Short answer: Yes. Probably. I think so… Well, I liked it.
Long answer: MOVIE REVIEW!
In Jurassic World, John Hammond’s dream of an island resort filled with prehistoric beasts is finally realized. John Hammond simply did not live to see that dream come to fruition. The island and the dinosaur breeding patents have been bought up by the Masrani Global corporation, who set about turning Jurassic Park/World into the destination resort it always should have been. And apparently things are running smoothly this time because there’s no Dennis Nedry to muck things up.
Jurassic World is open for business and sees thousands of visitors daily. In fact, things are running so smoothly that the idea of dinosaurs walking the earth has (somehow) become commonplace. In a desperate attempt to attract new and returning visitors, they ask geneticist Dr. Henry Wu (B.D. Wong, the only returning human cast member) to create a dinosaur that’s bigger, meaner, and cooler than all the other creatures in the park.
Meet Indominus Rex. It’s a ‘classified’ hybrid of multiple dinosaurs and other species. Perhaps taking notes from the anti-Sea World documentary Blackfish, the Indominus has gone a bit insane from being raised in complete isolation. The only things it knows are its feeding routines and the walls that keep it locked away from the rest of the world. The movie kicks off when the Indominus breaks free of its cage and begins a violent rampage across the park, killing both dinosaurs and humans alike.
It’s easy to say that the Indominus Rex represents corporate greed with teeth. But we could also say that the monster perhaps represents a bit of criticism aimed at Hollywood blockbusters (Jurassic World included). The geneticists create this monster that’s meant to be bigger and scarier than its natural born counterparts all based around the idea that tourists no longer care for normal dinosaurs. One could suppose that this was the idea being passed around Universal, as they worried filmgoers would not attend yet another Jurassic Park without a strange new concept to bring them in. The Indominus Rex could almost be the mascot for blockbusters (especially sequels) that are always concerned about being bigger and louder than the competition.
As mentioned above, earlier abandoned concepts for JP4 included dinosaur hybrids designed for combat. The Indominus feels like a bit of a leftover of that idea, reshaped into something more acceptable to audience expectations. The other side of that abandoned concept seems to have been adapted into Jurassic World’s raptor pack, who are trained to obey human commands. As a kid who grew up respecting paleontologists long before he fell in love with science fiction, I was not automatically convinced by either of these two ideas in the trailers. But the film sells both the Indominus and the somewhat obedient Velociraptors solely because of the mythology built up in previous films. In Jurassic Park, Michael Crichton came up with a genius idea for how to recreate dinosaurs with genetics. And because we know genetics has already dabbled with hybrid modifications, the idea of a hybrid monster dinosaur is believable enough. Similarly, the raptors have been depicted as thinking animals in the previous films (smart as a dolphin or primate). So when their human trainer (Chris Pratt) starts issuing commands, we’re willing to believe it. Without the backbone of the previous films, these concepts could not have worked.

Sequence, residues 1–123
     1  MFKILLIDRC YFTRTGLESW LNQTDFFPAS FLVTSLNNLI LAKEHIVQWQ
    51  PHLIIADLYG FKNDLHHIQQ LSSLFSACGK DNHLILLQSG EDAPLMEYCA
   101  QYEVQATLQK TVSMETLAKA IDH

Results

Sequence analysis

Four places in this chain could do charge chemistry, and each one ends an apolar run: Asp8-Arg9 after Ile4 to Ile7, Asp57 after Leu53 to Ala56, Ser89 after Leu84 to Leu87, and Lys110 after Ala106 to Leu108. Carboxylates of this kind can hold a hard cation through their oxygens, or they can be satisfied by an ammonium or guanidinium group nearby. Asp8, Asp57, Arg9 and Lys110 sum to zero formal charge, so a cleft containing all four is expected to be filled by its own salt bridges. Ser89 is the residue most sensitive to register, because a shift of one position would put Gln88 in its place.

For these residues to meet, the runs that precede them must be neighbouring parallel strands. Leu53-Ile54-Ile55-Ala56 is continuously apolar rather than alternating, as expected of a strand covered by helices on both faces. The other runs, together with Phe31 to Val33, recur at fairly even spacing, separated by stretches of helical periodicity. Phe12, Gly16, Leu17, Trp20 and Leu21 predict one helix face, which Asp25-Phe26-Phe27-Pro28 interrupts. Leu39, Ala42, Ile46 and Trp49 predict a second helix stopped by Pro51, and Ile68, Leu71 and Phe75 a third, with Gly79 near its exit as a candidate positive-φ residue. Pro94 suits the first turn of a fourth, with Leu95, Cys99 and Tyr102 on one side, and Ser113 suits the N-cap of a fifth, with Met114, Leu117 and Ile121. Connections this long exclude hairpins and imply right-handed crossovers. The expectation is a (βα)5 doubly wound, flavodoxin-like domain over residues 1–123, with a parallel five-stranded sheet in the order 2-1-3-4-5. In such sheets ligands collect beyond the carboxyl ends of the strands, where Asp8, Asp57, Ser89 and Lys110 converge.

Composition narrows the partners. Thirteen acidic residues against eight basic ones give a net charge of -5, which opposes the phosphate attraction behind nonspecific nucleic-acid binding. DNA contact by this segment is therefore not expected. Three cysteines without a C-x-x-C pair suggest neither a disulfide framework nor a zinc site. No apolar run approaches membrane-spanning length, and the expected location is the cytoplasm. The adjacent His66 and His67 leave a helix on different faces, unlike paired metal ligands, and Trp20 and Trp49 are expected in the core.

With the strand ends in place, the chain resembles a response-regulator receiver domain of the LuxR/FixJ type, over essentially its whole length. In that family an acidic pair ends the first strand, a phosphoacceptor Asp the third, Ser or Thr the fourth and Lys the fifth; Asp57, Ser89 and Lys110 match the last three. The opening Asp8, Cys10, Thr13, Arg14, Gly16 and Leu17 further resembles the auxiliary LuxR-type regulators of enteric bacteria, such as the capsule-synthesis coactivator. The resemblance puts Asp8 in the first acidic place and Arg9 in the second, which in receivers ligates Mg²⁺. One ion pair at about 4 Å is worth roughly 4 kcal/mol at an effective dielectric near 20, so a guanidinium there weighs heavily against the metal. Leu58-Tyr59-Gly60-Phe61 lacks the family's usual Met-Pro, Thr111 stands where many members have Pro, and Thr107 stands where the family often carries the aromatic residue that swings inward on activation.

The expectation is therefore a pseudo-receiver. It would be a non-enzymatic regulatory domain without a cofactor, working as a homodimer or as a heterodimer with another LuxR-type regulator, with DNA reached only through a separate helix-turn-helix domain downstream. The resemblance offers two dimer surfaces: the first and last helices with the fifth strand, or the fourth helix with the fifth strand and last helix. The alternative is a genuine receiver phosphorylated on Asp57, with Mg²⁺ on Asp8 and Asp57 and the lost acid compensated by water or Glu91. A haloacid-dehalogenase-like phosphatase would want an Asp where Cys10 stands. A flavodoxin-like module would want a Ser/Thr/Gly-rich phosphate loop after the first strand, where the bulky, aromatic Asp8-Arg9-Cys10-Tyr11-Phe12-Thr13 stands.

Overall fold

Stepping into the director’s chair for Jurassic World is Colin Trevorrow. Jurassic World is only his second feature film. I enjoyed his debut feature, the indie comedy Safety Not Guaranteed. That film was made for less than a million dollars. Jurassic World cost approximately $150 million. Universal and Spielberg took a big gamble by picking Trevorrow to make the film, but for the most part I think that gamble paid off. The film looks impressive and it feels like both a respectful nod to the original film and a natural continuation of the story.
The cast is pretty good. Upon first viewing I’m not sure that any of them are going to become fan favorites, though. It’s interesting to note that while Chris Pratt is the film’s hero, Bryce Dallas Howard is the true protagonist. Both do some good work with the roles they’re given, but these are not complex characters. And because you apparently can’t have a Jurassic Park movie without kids, Jurassic World gives us Gray and Zach (Ty Simpkins and Nick Robinson), the nephews of Howard’s character who are on a weeklong stay at the island while their parents sort out a divorce (interestingly that is pretty much the same backstory behind the kids Tim and Lex in the original film). The young actors are actually pretty decent, and we’re thankfully spared any silly heroics that kids in the previous movies performed to defeat the dinosaurs (the gymnastics kill in The Lost World remains my least favorite part of that film). My favorite character was actually Mr. Masrani, the man in charge of the park, as played by Life of Pi’s Irrfan Khan. Masrani seems to have the most dramatic depth of the characters, as he realizes the errors that have been made and sets about fixing them himself.
Oscar winner Michael Giacchino (Up) takes John Williams’ place as the film’s composer. The score makes good use of Williams’ Jurassic Park themes while also providing some nice new tracks. I really like this score.